A recurring theme in Kansas City’s tech circles: not enough skilled workers to fit the open job opportunities, said Ryan Weber.
“That shouldn’t surprise people because it’s not a Kansas City problem — it’s a national problem,” said Weber, president and CEO of the KC Tech Council.
Click here to learn more about the KC Tech Council, a leading advocate for Kansas City’s tech community.
More than 4,000 tech job postings remained unfilled in October, according to the most recent Tech Checkpoint report from the KC Tech Council. Software developers and computer user support specialists top the list of openings. Click here to view the full report.
As a way to combat the worsening problem, Weber and his team recently announced a multi-year investment and partnership with Apprenti — an apprenticeship program designed to cultivate tech skills and offer first-hand experience for potential candidates.
Along with growing tech talent, Apprenti’s mission: diversify the pool of applicants to meet evolving workforce needs and reach untapped potential. It’s a goal the KC Tech Council is also working to accomplish, Weber said.
“Those conversations and priorities on finding a more diverse workforce stemmed way before what we’ve seen over the past summer with the uprising against racial injustice; but I think that helped confirm that [diversity] is a priority,” he noted.
With the COVID-19 pandemic increasing the overall dependency on technology, the KC Tech Council’s partnership deal with Apprenti was accelerated — but still thoroughly discussed, Weber said.
“When we were evaluating our partners and looking at all the different programs out there, there were a couple specific reasons to why we chose Apprenti; their success rates with finding and graduating diverse candidates is until anything we’ve ever seen,” Weber said, noting that about 80 percent of candidates are retained or hired by the businesses once the apprenticeship ends.
“And also, Apprenti is not just in Kansas City,” he continued. “They are in 16 other markets, and their database is national. It’s a two-way street — our companies who have offices across the country can find candidates in those communities, and those candidates can also be brought to Kansas City.”
Click here to check out Apprenti’s 16 other markets.
A six-figure investment for the council over the next several years, the partnership necessitated the addition of Erin Christensen as KC Tech Council’s program manager for Apprenti, Weber said.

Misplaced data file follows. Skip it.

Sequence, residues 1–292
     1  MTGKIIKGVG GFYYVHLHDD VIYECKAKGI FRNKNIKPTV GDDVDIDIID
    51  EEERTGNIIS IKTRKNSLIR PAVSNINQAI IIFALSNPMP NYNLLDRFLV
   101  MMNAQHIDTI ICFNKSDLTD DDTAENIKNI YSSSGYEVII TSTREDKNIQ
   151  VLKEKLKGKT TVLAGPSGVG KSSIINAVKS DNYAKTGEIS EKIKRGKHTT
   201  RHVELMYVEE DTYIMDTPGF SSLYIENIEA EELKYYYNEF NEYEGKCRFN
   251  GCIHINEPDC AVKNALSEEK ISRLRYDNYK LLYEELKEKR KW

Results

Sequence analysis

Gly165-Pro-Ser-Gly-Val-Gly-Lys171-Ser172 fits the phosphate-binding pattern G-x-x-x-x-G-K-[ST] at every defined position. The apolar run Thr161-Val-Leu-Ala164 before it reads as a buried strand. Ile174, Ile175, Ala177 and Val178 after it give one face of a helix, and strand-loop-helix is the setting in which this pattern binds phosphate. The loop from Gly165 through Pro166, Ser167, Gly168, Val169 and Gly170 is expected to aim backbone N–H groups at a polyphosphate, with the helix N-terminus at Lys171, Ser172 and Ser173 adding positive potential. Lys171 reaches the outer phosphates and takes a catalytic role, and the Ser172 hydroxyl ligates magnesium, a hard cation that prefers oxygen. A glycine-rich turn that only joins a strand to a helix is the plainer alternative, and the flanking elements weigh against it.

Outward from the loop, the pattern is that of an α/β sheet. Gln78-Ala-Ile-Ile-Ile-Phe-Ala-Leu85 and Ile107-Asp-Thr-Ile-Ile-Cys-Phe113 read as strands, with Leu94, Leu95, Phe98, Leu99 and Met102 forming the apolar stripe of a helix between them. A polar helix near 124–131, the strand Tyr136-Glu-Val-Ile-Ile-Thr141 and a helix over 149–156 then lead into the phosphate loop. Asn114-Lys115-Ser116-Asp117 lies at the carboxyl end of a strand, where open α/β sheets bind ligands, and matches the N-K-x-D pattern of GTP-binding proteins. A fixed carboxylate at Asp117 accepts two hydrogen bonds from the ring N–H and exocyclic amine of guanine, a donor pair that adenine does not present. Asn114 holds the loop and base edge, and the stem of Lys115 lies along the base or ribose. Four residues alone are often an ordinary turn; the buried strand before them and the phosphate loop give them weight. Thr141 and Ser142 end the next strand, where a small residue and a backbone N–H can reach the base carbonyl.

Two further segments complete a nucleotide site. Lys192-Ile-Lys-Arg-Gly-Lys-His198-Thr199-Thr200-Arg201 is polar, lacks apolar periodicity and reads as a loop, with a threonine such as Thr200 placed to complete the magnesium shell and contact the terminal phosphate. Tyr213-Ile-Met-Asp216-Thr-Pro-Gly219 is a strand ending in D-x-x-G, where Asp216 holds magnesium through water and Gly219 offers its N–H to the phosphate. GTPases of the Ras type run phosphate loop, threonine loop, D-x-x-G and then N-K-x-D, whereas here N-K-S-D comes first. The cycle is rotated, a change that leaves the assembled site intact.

“Really how Apprenti works is that it’s based on partnerships. Partnerships with training providers and training partners — so working with different educational institutions within Kansas City,” said Christensen, who has a background working in higher education. “As well as community partnerships to help be our advocates and ambassadors for the program.”
The training providers are expected to lead an eight- to 15-week educational program for interested students, and upon training completion, students will be paired with a business for their year-long apprenticeship.
Although the vast majority of apprentices stay within the company where they started, it isn’t required.
“Apprentices are employees of the company, but in a temporary, full-time position,” Weber stated. “The typical duration of the apprenticeship is a year. If retained, they are converted to a permanent, full-time position with the organization. One of the most positive outcomes with Apprenti is that there is over an 80 percent retention rate from apprentice to full-time, permanent employee.”
The KC Tech Council plans to launch the Apprenti program in the first quarter of 2021 by searching for employers, as well as educational and community partners. Weber requested that businesses interested in joining the apprenticeship program first apply to be a member of the KC Tech Council. Companies of any size are encouraged to participate, he added.
“One of the great services that Apprenti offers is helping with all of the paperwork and reporting requirements that are typically placed on employers,” Weber said. “This is helpful for startups, small companies, or even medium-sized companies that may not have an HR department or specific person to manage those files. We will manage that process for them.”
Moving further into 2021, nothing is certain beyond uncertainty because of the ongoing pandemic, Weber said. Still, the KC Tech Council plans to focus on its three pillars: workforce development, policy advocacy and industry access, he said.
“Although we are expected to be virtual for most of our events, we will continue to be creative and innovative on how we can create access to our industry,” Weber said. “We have to, considering today’s environment.”